The Power List 2018
Consultant Ophthalmologist, Moorfields Eye Hospital, London; NIHR Clinician Scientist at Institute of Ophthalmology, University College London, UK
Pearse is a retinal specialist at Moorfields Eye Hospital and a researcher at the University College London Institute of Ophthalmology. He specializes in the diagnosis and treatment of AMD and other complex macular diseases, and his research is focused on the application of new technologies to ophthalmology – from AI, to virtual reality, to advanced imaging. In 2016, Pearse was responsible for initiating the collaboration between Moorfields and Google DeepMind, with the aim of applying machine learning to OCT image analysis and in 2015, he was awarded a “Clinician Scientist” award from the National Institute of Health Research (NIHR) – the first ophthalmologist in the UK to receive such an honor. He predicts that the combination of AI with comprehensive, automated eye examination using binocular OCT will reinvent the eye examination for the 21st Century.
What drives you day-to-day?
“Being a clinical academic is my dream job! Firstly, because it gives me the freedom to generate my own ideas and set my own goals. Secondly, because I love working with my research group to explore these. Finally, because I love the final process of writing about my research and sharing it with the world.”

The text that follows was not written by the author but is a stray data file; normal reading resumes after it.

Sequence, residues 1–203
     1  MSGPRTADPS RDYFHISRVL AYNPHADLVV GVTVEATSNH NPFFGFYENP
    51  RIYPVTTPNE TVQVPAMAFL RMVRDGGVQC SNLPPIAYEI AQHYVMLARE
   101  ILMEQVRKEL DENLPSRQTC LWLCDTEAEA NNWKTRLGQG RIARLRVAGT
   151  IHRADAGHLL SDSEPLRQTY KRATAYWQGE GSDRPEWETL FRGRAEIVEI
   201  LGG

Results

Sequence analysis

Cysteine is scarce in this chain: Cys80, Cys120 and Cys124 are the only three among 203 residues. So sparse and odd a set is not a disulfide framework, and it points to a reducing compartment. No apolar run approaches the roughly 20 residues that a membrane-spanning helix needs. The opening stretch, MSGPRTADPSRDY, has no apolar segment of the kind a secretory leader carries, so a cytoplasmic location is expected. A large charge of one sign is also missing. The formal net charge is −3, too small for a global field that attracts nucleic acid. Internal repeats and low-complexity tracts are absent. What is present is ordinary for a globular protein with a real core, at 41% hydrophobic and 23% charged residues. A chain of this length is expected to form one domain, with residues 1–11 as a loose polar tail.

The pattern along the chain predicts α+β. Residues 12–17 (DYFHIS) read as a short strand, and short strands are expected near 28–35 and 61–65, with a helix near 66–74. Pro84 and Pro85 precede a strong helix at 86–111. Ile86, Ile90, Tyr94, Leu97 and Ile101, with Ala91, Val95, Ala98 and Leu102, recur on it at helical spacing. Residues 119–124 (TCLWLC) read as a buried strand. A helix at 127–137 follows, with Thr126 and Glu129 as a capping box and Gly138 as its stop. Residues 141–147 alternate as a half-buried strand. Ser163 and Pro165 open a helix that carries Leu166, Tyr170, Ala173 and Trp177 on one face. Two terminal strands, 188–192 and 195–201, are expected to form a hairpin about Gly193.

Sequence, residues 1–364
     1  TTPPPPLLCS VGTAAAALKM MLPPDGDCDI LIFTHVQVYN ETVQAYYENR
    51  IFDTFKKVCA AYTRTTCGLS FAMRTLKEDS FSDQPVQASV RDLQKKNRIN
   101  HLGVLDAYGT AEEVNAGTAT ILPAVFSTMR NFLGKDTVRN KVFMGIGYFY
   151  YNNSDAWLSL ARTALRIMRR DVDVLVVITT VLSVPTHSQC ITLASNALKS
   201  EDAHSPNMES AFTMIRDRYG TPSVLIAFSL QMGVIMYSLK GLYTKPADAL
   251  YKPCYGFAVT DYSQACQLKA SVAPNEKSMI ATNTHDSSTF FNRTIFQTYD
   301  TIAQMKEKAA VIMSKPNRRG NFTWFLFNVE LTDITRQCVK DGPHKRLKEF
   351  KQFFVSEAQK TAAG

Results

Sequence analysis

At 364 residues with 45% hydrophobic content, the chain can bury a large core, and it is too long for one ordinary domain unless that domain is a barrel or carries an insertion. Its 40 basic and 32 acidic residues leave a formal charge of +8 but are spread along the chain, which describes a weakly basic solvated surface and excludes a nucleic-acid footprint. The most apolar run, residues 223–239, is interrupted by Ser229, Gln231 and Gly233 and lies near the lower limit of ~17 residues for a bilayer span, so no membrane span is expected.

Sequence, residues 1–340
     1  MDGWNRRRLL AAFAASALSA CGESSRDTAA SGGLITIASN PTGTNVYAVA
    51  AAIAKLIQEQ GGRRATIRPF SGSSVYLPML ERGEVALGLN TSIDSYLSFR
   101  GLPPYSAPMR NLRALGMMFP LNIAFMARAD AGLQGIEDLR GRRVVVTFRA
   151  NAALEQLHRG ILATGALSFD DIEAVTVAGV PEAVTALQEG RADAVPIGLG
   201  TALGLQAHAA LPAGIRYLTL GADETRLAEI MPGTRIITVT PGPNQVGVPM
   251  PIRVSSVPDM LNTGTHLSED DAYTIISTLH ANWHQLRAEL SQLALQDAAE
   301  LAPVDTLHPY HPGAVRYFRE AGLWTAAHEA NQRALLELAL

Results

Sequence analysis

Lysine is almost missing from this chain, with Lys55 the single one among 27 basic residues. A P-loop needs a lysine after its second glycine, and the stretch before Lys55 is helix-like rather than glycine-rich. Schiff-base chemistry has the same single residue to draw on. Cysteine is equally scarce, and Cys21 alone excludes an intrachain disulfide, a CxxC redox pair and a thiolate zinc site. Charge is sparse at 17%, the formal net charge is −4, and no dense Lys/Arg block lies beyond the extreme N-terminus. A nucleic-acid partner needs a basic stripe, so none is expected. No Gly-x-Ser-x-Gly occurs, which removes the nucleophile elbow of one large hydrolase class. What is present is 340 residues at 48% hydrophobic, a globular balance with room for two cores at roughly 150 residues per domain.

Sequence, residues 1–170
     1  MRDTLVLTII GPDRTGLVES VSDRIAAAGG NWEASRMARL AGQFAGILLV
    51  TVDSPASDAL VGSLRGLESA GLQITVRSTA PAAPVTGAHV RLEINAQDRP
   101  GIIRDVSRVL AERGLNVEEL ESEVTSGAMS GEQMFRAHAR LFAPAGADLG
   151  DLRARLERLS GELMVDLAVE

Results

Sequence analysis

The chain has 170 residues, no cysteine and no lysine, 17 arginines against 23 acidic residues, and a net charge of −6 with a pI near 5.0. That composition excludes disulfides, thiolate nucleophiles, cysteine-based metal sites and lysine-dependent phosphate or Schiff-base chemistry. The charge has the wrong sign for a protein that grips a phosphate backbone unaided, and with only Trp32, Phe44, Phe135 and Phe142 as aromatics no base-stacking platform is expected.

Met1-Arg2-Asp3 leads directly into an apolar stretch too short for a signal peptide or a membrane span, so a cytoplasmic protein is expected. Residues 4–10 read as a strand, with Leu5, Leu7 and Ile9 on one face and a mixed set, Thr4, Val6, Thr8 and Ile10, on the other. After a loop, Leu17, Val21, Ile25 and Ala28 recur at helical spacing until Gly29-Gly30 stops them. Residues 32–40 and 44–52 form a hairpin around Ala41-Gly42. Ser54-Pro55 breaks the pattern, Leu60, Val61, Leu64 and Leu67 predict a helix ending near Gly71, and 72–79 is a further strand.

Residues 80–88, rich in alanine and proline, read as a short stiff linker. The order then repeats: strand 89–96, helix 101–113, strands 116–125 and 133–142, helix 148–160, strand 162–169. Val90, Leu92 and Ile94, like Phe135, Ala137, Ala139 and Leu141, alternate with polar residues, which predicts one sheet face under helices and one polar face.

Goals for the next 10 years?
“I believe that healthcare will be transformed in the next 10 years by the introduction of AI, in particular deep learning. I would like ophthalmology to be the medical specialty leading the way in this regard (and I would like my institution, Moorfields Eye Hospital, to be playing a key role in this).”
What’s the future of imaging?
“In the short term, I believe that AI will greatly increase our knowledge of ophthalmic disease using imaging techniques that are already widely available. In the longer term, I think there will be much closer integration between imaging data and omics data – “AI-assisted science” will be required to facilitate this.”
On a Quest to Find the Holy Grail of Imaging